To further qualify these effects, we have to make it clear that the face stimuli originated from a scientific database, which is aiming to show emotions with maximal clarity and in a very pronounced fashion. These requirements were nearly perfectly achieved when we look at the very high performance data for the original faces without masks. There was hardly any confusion of different emotional states (with the exception of sad faces which already showed substantial confounding with disgusted at a level of one-fifth of the cases). Such a high performance is hardly achievable in everyday life when faces are inspected that show much lower degrees of emotional expression. Furthermore, in an everyday life scene, we will typically show lower levels of attention and will invest less time in inspecting the face of a counterpart. This means that in natural contexts, the impact of face masks on reading emotions could even be stronger. It could further be intensified with increased age: as the results of some empirical studies indicate, older adults have more difficulty recognizing some of the basic emotions (e.g., disgust, happiness, and fear), and even intense problems in recognizing other basic emotions such as anger and sadness (Ruffman et al., 2008). On the other hand, we also have to make clear that the data presented here are based on the processing of graphically manipulated stimuli, not on faces wearing masks in a real world scenario. We opted for such a solution because if we photograph the same person wearing a mask vs. wearing no mask under the condition of six different emotions, the change in emotional expression is no longer controllable. Experimental designs are always in the difficult situation of finding an optimal balance between internal and external or even ecological validity. So, we took great care to present realistic and highly plausible stimuli which were graphically post-processed by adding shadows and adjusting them to the sizes and directions of the heads. Having taken this path, we cannot exclude that people in real-world settings will adjust to the situation of wearing masks and compensate the lack of expression options by amplifying their expressions. Everyday life experience contradicts this idea as people frequently report such confusions of emotions and complain about the lack of confidence in others’ emotional states, which we have also documented in the present paper.
Face masks may complicate social interaction as they disturb emotion reading from facial expression. This should, however, not be taken as a reason or an excuse for not wearing masks in situations where they are of medical use. We should not forget that humans possess a variety of means to interpret another’s state of mind, including another’s emotional states. Facial expressions are not our one and only source of information; we can also take recourse to body posture and body language to infer the emotional states of our counterpart. The voice characteristic adds indications from another modality (Golan et al., 2006), and the bodily context (Aviezer et al., 2008), the head orientation (Sauer et al., 2014, but also just inspect Figure 1 with a clear sign of specific head orientations as a by-product of emotional expression), and, of course, also the social context (Mondloch, 2012) will provide further information. Direct verbal communication even helps to understand the very fine-tuned state of a mind. We have options, and it is essential to make use of them not only when being the receiver of socially relevant information but also when being the sender. And, we should use and optimize those options which we can best play and which suit us best; this not only applies for times and situations where we cover parts of our face due to health or cultural reasons but extends to cases where the ability to express emotions is affected (e.g., due to neurological diseases, Jin et al., 2017; Lee et al., 2019): some people might have only a very limited repertoire of gestures and other body-oriented expression abilities but they might be good verbal communicators. Emphasizing alternative and additional communicative channels (see Aviezer et al., 2008), we can provide sufficient information to keep social interaction going in a different, yet, effective way.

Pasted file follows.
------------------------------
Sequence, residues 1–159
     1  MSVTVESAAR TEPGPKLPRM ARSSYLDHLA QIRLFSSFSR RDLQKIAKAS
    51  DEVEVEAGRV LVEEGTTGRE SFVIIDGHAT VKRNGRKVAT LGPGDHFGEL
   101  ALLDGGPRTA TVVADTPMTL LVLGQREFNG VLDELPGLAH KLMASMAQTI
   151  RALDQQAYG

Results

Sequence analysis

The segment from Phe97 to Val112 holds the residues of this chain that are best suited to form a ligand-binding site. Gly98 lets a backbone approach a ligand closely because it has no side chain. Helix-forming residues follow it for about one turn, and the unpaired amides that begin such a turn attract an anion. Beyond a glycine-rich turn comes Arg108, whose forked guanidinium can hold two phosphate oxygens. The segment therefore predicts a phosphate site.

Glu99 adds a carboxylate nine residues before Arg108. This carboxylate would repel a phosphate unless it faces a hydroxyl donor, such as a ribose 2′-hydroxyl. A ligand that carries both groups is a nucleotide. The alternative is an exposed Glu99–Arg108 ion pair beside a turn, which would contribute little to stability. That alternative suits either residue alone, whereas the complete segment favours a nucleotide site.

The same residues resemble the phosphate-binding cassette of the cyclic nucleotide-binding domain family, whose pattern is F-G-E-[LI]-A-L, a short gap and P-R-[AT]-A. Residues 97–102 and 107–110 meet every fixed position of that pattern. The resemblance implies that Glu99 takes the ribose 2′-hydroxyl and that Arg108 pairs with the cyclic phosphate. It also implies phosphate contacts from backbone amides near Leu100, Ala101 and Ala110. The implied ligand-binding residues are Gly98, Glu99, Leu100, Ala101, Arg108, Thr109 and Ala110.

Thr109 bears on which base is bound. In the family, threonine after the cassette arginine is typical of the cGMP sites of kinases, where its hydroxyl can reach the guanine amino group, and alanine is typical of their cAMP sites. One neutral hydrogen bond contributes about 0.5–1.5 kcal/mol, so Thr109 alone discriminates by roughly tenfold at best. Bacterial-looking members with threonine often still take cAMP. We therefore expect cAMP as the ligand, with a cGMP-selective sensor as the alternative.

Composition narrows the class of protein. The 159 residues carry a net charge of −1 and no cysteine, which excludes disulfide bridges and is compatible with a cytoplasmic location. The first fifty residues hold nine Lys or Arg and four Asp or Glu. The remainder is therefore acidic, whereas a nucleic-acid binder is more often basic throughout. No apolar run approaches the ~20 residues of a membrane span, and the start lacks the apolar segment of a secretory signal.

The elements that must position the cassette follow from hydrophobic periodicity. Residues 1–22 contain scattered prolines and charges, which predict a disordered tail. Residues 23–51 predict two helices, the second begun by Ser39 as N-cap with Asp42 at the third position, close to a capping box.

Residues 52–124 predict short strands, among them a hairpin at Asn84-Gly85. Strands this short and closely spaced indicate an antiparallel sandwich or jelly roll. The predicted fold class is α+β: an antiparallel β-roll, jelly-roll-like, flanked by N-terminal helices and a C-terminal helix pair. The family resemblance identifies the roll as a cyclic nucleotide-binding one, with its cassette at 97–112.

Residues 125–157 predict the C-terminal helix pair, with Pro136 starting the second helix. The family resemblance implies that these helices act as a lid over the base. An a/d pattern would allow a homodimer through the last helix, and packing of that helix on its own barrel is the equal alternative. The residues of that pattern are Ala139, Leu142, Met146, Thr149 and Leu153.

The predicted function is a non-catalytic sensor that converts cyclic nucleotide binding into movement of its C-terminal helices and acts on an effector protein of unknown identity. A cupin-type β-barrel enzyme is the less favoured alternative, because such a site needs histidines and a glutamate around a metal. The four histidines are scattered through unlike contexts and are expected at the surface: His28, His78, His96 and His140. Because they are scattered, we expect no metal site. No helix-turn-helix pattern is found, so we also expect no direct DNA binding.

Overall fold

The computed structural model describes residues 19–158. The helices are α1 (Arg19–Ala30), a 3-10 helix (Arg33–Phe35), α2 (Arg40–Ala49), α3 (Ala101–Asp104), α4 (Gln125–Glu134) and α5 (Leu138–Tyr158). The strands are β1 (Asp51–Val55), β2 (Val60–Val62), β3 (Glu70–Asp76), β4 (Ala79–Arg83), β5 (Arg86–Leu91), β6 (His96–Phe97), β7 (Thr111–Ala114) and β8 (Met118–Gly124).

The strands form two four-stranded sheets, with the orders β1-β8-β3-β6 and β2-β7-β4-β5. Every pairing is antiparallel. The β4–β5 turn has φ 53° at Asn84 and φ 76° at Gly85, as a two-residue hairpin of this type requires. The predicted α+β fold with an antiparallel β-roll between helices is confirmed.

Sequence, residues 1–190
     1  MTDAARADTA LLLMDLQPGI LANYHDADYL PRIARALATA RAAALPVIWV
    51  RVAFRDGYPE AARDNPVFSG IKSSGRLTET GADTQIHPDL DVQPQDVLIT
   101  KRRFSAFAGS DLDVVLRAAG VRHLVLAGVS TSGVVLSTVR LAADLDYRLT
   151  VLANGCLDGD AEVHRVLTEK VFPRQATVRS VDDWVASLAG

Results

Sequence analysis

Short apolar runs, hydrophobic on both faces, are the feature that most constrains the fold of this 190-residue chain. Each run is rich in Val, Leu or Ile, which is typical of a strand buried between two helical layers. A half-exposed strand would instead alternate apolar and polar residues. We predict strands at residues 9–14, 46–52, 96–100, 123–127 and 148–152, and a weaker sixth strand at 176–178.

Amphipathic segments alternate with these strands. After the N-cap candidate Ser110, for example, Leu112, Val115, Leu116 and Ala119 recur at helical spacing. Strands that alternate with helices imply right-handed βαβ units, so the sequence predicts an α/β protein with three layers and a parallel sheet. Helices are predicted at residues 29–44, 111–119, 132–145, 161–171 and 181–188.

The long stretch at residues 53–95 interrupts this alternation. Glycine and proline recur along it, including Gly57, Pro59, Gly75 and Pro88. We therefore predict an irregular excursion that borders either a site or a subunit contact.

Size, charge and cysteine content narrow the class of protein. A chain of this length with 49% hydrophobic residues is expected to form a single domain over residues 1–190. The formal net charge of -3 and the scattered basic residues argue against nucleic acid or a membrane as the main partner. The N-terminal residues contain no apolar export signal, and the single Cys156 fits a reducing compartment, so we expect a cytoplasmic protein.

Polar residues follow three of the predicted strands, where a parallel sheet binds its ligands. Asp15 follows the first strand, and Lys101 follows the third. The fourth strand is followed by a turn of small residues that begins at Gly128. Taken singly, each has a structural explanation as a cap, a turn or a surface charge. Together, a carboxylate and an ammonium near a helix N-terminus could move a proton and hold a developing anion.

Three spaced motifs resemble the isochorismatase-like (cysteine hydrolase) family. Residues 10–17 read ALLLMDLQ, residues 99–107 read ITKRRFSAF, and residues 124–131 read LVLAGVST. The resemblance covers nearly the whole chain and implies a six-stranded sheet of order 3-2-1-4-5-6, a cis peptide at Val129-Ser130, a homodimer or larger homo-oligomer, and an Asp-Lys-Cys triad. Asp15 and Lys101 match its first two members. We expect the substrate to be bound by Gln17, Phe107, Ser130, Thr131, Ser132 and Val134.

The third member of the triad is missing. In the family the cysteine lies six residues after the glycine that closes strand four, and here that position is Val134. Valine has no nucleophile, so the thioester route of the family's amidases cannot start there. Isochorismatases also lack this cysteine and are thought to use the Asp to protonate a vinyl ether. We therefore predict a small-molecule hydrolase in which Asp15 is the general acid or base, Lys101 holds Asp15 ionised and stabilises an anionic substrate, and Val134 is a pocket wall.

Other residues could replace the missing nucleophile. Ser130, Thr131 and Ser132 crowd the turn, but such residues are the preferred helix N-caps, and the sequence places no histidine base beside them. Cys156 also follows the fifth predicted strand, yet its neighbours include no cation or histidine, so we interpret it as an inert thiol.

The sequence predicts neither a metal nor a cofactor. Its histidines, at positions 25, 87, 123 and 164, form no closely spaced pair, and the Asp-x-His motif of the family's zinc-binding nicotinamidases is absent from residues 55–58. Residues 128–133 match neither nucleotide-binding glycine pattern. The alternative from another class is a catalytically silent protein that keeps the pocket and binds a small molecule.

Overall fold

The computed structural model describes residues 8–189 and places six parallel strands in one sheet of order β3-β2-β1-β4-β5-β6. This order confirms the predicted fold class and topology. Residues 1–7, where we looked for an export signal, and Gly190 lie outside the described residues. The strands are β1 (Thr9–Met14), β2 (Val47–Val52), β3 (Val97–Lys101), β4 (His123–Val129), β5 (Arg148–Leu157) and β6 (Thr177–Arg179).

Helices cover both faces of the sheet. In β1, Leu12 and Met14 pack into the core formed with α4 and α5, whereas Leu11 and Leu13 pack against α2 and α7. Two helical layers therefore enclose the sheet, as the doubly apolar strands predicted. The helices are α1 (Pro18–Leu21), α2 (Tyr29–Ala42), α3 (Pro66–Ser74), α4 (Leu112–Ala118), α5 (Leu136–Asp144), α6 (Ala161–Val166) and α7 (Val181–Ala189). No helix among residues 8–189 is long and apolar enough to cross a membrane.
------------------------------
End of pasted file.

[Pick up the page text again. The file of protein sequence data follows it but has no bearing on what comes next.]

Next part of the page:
Data Availability Statement
The datasets presented in this study can be found in online repositories. The names of the repository/repositories and accession number can be found at: https://osf.io/ka3s6/.
This study was approved in terms of the general study design (psychophysical testing) and was given ethical approval by the local ethics committee of the University of Bamberg (protocol 2017-08-18). The patients/participants provided their written informed consent to participate in this study.
C-CC had the initial idea, prepared the material, conducted the study, analyzed the data, and wrote the paper.
Conflict of Interest
The author declares that the research was conducted in the absence of any commercial or financial relationships that could be construed as a potential conflict of interest.
We would like to thank the MPI for providing the base stimuli for the present study. We also thank our student assistants for having put intensive effort into recruiting many of the participants, and special thanks goes to Christian Meyer for processing the mask stimuli and Vera M. Hesslinger for very fruitful discussion and critical reflection of this study.
1. Face masks show a great variety of forms and technologies; within the present paper, we will focus on masks that look like simple surgical masks and that people can fabricate themselves, so called community masks.
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Keywords: emotion, face masks, accuracy, confusion, COVID-19, pandemic, mouth
Citation: Carbon C-C (2020) Wearing Face Masks Strongly Confuses Counterparts in Reading Emotions. Front. Psychol. 11:566886. doi: 10.3389/fpsyg.2020.566886
Edited by:Joanna Sokolowska, University of Social Sciences and Humanities, Poland
Reviewed by:Karen Lander, The University of Manchester, United Kingdom
Frédéric Gosselin, Université de Montréal, Canada
Copyright © 2020 Carbon. This is an open-access article distributed under the terms of the Creative Commons Attribution License (CC BY). The use, distribution or reproduction in other forums is permitted, provided the original author(s) and the copyright owner(s) are credited and that the original publication in this journal is cited, in accordance with accepted academic practice. No use, distribution or reproduction is permitted which does not comply with these terms.